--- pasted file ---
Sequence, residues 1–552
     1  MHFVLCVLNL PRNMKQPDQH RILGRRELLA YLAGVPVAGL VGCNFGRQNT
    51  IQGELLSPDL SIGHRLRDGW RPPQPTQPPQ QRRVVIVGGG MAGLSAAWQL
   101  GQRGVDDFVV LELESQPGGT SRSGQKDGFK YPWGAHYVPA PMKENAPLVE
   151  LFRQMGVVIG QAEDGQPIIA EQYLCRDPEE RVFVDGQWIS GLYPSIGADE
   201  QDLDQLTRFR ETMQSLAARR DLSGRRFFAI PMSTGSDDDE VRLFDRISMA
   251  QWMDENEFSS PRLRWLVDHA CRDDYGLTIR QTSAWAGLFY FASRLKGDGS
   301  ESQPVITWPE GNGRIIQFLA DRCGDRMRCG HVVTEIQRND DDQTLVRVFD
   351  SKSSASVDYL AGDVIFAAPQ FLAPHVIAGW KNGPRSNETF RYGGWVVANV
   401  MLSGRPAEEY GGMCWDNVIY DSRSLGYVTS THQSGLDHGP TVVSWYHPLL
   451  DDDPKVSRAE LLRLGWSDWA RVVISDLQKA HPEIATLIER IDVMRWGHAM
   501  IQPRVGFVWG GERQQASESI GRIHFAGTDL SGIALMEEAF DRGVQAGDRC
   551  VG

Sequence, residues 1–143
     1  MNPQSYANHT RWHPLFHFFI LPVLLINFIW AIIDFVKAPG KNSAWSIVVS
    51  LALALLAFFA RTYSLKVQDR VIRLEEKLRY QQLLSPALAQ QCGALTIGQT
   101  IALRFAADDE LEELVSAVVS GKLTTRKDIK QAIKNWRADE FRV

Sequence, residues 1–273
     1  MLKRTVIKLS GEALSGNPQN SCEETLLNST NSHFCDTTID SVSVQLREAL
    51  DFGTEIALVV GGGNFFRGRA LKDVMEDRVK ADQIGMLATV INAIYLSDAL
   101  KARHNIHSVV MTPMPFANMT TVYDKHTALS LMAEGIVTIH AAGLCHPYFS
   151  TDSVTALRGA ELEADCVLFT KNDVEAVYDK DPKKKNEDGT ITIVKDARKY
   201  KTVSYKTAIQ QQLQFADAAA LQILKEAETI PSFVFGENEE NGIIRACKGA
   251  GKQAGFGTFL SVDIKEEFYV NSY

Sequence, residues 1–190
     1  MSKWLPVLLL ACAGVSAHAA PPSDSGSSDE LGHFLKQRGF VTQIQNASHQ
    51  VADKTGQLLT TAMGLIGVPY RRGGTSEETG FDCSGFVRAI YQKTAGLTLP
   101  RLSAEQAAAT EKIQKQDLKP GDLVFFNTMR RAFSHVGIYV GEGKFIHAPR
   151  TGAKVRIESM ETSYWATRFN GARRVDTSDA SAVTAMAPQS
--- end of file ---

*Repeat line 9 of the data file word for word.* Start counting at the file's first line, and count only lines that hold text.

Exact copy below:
   351  SKSSASVDYL AGDVIFAAPQ FLAPHVIAGW KNGPRSNETF RYGGWVVANV